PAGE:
Notarising child marriage!
With the money from the parents of the girls or from the grooms, the brokers usually prepare or manage forged birth certificates, where the girls aged between 10-14 are shown as 18-19 so that it does not cause any problem legally.
Fatema Begum of Kalyanpur slum, locally known as the "Kalyanpur Pora Bosti", got married to Md Mohsin in March, this year.
According to Fatema's birth certificate, issued by the office of the birth and death registration of Ilisha Union of Bhola Sadar, she was born on January 1, 2008. She is only 12-year-old, although the legal marriage age of girls is 18 years in Bangladesh.
However, the copy of her marriage affidavit, signed by supreme court lawyer Farhana Quddus Sweety, and declared by Dhaka Judge Court Advocate Md Johayedul Islam, states that Fatema is 18.
According to her cousin, Fatema is 12-years-old, and she used to study in class five. But the groom married her by completing the legal formalities through a broker, in exchange for Tk 5,000, without registering the marriage.
Although an affidavit must be signed in the presence of at least two witnesses, the paper shows that Fatema and Mohsin were the two witnesses of their marriage.
Law and Justice Division in 2015 announced that legally there is no scope to issue marriage and divorce affidavits through the Notary Public, as it is a violation of The Muslim Marriage and Divorce Registration Act (1974).
If anyone engages in such activities, his/her notary certificate can be cancelled.
But since families are required to produce their daughters' birth certificate during marriages, many, especially, those who belong to low-income groups and live in urban settlements, forge the certificates through brokers. The latter get these false documents attested by a notary public.
The practice has become pervasive during the pandemic as families are desperate to marry off their daughters to ease their economic burden.
The Daily Star contacted the notary public advocate Farhana Quddus Sweety, who introduced herself as a Supreme Court lawyer. She admitted that she signed the paper, without independently verifying the matter, in absence of the bride and groom, since the lawyer who brought her the papers confirmed that they are adults.
Farhana could not provide any details of the lawyer and said that since she "works with many lawyers every day, she doesn't keep the contact details of every one of them."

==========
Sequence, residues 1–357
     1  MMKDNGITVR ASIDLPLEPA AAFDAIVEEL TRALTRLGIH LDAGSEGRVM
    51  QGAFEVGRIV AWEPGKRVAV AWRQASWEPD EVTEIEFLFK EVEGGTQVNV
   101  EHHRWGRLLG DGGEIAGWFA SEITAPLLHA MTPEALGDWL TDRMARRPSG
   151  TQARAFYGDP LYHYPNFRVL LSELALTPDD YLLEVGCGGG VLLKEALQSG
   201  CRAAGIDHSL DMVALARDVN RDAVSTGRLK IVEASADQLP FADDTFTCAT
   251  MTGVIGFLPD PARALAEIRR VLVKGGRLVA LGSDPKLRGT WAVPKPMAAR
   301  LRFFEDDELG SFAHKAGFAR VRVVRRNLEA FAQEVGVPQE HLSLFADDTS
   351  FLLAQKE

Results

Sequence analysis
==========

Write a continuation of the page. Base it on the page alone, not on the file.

Asked, SC lawyer Tanzim Al Islam said, "It is the duty of the notary public to verify whether the affirmed information is true or not and sign the affidavit in the presence of both parties and witnesses. However, the custom has not developed here."
In such cases, the Ministry of Law, Justice and Parliamentary Affairs has the authority to cancel their license, added advocate Islam.
Besides, Section 9 of the Child Marriage Restraint Act, 2017 also states that if any person solemnises or conducts a child marriage, it shall be an offence for which s/he shall be punished with imprisonment for a maximum of two years, and a minimum of six months, or with a fine of maximum 50,000 or with both.
And in default of payment of fine, s/he will be punished with imprisonment which may extend to three months, it mentions.
According to Islam, the marriage affidavit only affirms that the parties are of age and that they are willingly getting married and intend to live together as husband and wife.
However, according to the law, every marriage solemnised under Muslim law shall be registered through the Nikah Registrar.
According to Mawlana Abdus Sobhan, president of Korail Slum Development Committee (Boubazar Unit), child marriage is taking place in the slums through some brokers who forge documents for around Tk 5,000.
"With the money from the parents of the girls or from the grooms, the agents usually prepare or manage forged birth certificates, where the girls aged between 10-14 are shown as 18-19 so that it does not cause any problem legally," he said.
"They even prepare the affidavit such that the brides and grooms do not need to be physically present there," he added.
Incidents of child marriages had decreased in the slums for a few years as a result of massive campaigns, but they have increased again due to Covid-19, he opined.
Kamal Hossain, a resident from Kallyanpur Pora Bosti, shared similar concerns.
"In the slums, girls as young as 12 are spotted by older males in the area. Sometimes these men convince the girls to elope with them, and other times parents are insecure about their daughters' safety and so marry them off," he said.
"In both cases, they depend on the agents, who help them with papers," he added.
Since the affidavit of marriage through the notary public has no legal base, there is no scope for the brides and the grooms to ask for any legal remedy.
Slum dwellers said an overwhelming majority of girls in their areas are married off before they turn 14.
According to a 2020 Unicef report, Bangladesh is home to 38 million child brides, including currently married girls along with women who were first married in childhood; of them, 13 million married before age 15.
The Multiple Indicator Cluster Survey (MICS) 2019 of Unicef also shows that 51 percent of young women in Bangladesh were married before their 18th birthday.
Shahana Huda, senior coordinator of Manusher Jonno Foundation, said the government must publicise that there's no scope of marriage registration through the notary public and send a strong message to the notary association so that they discontinue such practice.
"The government can distribute posters and leaflets to every locality, especially in slums. At the same time, in case of notary public's continuous practise, their certificate should be cancelled," she said.
"We have seen that the nikah registrars nowadays at least fear to conduct child marriage, as there have been instances of cancelling their licences," she added.